On 3 February 2017, the Spanish Cabinet approved the ratification of the pending protocol to 1992 income and capital tax treaty with Mexico. The protocol, signed 17 December 2015, provides for the following main changes to the treaty:
- Article 4 (Resident) is amended with revisions to the general definition of "resident of a Contracting State" and the addition of provisions regarding mutual agreement on residence between the competent authorities when a company would be a resident of both Contracting States based on the general definition;
- Article 9 (Associated Enterprises) is replaced to include additional provisions regarding corresponding adjustments made in a Contracting State when an arm's length adjustment has been made in the other State;
- Article 10 (Dividends) is amended to provide a 0% withholding tax rate if the beneficial owner is a company directly holding at least 10% of the paying company's capital; otherwise the rate is 10% (currently 5% rate if holding at least 25%; otherwise 15%);
- Article 11 (Interest) is amended to provide a 4.9% withholding tax rate in the case of interest paid on a loan of any kind granted by a bank or other financial institution, including investment banks and savings banks, and insurance companies, as well as interest payments on bonds and other debt securities that are regularly and substantially traded on a recognized stock exchange; otherwise 10% (currently - due to an MFN clause - a 5% rate applies on interest derived by banks or insurance companies, and on bonds or securities that are regularly and substantially traded on a recognized stock exchange; a 10% rate applies if the beneficial owner is not a bank or insurance company and the interest is paid by a bank or a purchaser of machinery and equipment in connection with a sale on credit; otherwise 15%);
- Article 13 (Capital Gains) is amended:
- To clarify the taxing rights of capital gains from the alienation of share deriving at least 50% of their value directly or indirectly from immovable property situated in a Contracting State; and
- To remove the 25%/12-month ownership thresholds for the taxation of gains from the alienation of shares of a company resident in a Contracting State, while introducing a maximum 10% rate on such gains and providing an exemption if the alienator is a financial institution; an insurance company; a pension fund; or the shares are regularly traded on a recognized stock exchange (exemption not applicable for listed shares of real estate investment companies);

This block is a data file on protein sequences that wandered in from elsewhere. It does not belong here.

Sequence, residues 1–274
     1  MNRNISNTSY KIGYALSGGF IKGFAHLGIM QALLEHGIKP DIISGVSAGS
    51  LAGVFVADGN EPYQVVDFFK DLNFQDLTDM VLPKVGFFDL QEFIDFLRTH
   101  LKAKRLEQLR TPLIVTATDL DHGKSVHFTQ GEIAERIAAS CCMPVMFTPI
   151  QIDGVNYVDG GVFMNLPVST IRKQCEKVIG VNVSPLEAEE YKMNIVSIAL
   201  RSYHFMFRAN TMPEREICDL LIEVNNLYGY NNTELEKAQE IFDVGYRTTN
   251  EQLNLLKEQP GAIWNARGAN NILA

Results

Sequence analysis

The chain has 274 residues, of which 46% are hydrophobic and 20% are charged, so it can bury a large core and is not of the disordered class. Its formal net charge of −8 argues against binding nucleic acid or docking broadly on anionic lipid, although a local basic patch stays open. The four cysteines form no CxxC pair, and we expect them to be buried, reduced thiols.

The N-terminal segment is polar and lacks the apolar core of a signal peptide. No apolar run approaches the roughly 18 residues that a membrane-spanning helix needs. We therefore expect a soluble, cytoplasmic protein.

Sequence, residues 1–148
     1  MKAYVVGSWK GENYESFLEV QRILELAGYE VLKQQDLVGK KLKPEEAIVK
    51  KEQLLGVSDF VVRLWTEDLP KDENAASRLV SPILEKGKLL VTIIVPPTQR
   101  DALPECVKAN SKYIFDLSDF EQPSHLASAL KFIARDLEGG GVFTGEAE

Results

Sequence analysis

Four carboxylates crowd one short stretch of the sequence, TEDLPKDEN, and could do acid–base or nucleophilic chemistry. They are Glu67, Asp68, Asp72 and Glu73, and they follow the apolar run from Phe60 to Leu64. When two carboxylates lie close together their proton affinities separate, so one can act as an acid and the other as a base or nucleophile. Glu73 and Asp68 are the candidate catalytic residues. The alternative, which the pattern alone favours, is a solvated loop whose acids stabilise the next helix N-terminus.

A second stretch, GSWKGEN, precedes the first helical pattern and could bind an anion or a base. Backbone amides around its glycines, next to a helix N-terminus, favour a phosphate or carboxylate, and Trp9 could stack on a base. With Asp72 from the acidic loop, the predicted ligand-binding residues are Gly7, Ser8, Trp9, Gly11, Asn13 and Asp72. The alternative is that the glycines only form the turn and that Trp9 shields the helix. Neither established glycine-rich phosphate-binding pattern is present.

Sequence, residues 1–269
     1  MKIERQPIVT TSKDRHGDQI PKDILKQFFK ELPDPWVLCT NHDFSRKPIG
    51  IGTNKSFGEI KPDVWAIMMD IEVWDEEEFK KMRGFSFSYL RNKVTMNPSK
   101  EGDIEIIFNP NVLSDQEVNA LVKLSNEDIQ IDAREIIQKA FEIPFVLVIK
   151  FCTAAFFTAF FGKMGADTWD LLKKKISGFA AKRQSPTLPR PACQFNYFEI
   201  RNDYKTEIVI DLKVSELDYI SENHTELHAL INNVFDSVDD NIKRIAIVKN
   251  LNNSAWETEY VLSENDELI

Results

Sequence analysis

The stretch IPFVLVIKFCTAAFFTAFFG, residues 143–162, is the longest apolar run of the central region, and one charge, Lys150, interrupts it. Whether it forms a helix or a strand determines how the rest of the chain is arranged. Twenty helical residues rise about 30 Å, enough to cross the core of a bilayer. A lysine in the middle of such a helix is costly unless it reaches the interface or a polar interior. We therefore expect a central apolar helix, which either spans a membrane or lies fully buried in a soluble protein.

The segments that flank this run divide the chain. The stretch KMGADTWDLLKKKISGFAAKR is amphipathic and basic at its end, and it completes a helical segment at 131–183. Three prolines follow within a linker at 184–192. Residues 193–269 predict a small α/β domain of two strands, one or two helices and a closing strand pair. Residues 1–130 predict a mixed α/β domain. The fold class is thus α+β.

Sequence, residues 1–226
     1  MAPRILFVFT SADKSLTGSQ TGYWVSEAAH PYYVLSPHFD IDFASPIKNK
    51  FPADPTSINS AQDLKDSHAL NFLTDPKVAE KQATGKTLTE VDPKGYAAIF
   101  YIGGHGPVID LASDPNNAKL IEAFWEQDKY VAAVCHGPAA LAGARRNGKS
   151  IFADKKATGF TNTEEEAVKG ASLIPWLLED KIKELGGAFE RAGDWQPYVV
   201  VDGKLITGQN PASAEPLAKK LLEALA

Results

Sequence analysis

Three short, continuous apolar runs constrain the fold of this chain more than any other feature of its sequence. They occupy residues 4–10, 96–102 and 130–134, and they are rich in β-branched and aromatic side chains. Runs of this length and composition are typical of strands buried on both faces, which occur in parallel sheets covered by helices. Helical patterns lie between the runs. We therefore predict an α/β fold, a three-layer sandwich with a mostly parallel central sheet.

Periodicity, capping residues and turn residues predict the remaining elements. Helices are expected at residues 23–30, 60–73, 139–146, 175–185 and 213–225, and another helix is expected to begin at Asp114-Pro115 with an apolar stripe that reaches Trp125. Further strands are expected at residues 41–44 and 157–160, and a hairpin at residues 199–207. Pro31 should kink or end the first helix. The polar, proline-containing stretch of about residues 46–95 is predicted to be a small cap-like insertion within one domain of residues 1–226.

- Article 22 (Hydrocarbons) is added to provide that a permanent establishment will be deemed constituted when a resident of a Contracting State carries out business activities in the other State consisting of the exploration, production, refining, processing, transportation, distribution, storage, or marketing of hydrocarbons situated in the other Contracting State for a period or periods aggregating more than 30 days within any 12-month period (subsequent Articles are renumbered accordingly);
- Article 24 (Elimination of Double Taxation) is replaced (renumbered);
- Article 27 (Exchange of Information) is replaced to bring it in line with the OECD standard for information exchange (renumbered);
- Article 28 (Assistance in the Collection) is added (subsequent Articles are renumbered accordingly); and
- A number of amendments are made to the original final protocol to the treaty, including the addition of a general principal purpose test for treaty benefits, a new MFN clause with respect to Articles 11 (Interest) and 12 (Royalties), and the addition of conditions for an exemption from the taxation of gains from the alienation of shares within group transactions.
The protocol will enter into force three months after the ratification instruments are exchanged and will generally apply from the date of its entry into force.
Switzerland Consults on Automatic Exchange of Finance Account Information with Twenty Additional Jurisdictions
The Swiss Federal Council has announced the initiation of consultation on introducing the automatic exchange of finance account information with twenty additional jurisdictions. These jurisdictions include: China, Indonesia, Russia, Saudi Arabia, Liechtenstein, Colombia, Malaysia, the United Arab Emirates, Montserrat, Aruba, Curaçao, Belize, Costa Rica, Antigua and Barbuda, Grenada, Saint Kitts and Nevis, Saint Lucia, Saint Vincent and the Grenadines, the Cook Islands, and the Marshall Islands. The implementation is planned for 1 January 2018 so that the first exchange of information will take place in 2019.